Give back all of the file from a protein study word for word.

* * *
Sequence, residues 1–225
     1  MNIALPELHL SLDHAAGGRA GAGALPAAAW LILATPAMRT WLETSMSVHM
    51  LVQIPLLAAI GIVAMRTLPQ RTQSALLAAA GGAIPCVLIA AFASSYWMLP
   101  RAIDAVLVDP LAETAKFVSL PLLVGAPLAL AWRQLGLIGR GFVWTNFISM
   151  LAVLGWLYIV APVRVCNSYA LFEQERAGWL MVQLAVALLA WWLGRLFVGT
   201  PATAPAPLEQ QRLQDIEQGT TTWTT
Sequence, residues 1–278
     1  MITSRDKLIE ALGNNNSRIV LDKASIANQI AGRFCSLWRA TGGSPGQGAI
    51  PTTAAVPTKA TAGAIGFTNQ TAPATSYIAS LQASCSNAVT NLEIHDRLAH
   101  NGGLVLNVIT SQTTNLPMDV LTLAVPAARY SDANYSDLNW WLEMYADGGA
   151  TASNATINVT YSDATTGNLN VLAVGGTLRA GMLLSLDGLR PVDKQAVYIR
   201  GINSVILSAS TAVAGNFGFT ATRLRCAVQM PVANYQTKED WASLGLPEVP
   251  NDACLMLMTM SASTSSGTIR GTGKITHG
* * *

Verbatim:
Sequence, residues 1–225
     1  MNIALPELHL SLDHAAGGRA GAGALPAAAW LILATPAMRT WLETSMSVHM
    51  LVQIPLLAAI GIVAMRTLPQ RTQSALLAAA GGAIPCVLIA AFASSYWMLP
   101  RAIDAVLVDP LAETAKFVSL PLLVGAPLAL AWRQLGLIGR GFVWTNFISM
   151  LAVLGWLYIV APVRVCNSYA LFEQERAGWL MVQLAVALLA WWLGRLFVGT
   201  PATAPAPLEQ QRLQDIEQGT TTWTT
Sequence, residues 1–278
     1  MITSRDKLIE ALGNNNSRIV LDKASIANQI AGRFCSLWRA TGGSPGQGAI
    51  PTTAAVPTKA TAGAIGFTNQ TAPATSYIAS LQASCSNAVT NLEIHDRLAH
   101  NGGLVLNVIT SQTTNLPMDV LTLAVPAARY SDANYSDLNW WLEMYADGGA
   151  TASNATINVT YSDATTGNLN VLAVGGTLRA GMLLSLDGLR PVDKQAVYIR
   201  GINSVILSAS TAVAGNFGFT ATRLRCAVQM PVANYQTKED WASLGLPEVP
   251  NDACLMLMTM SASTSSGTIR GTGKITHG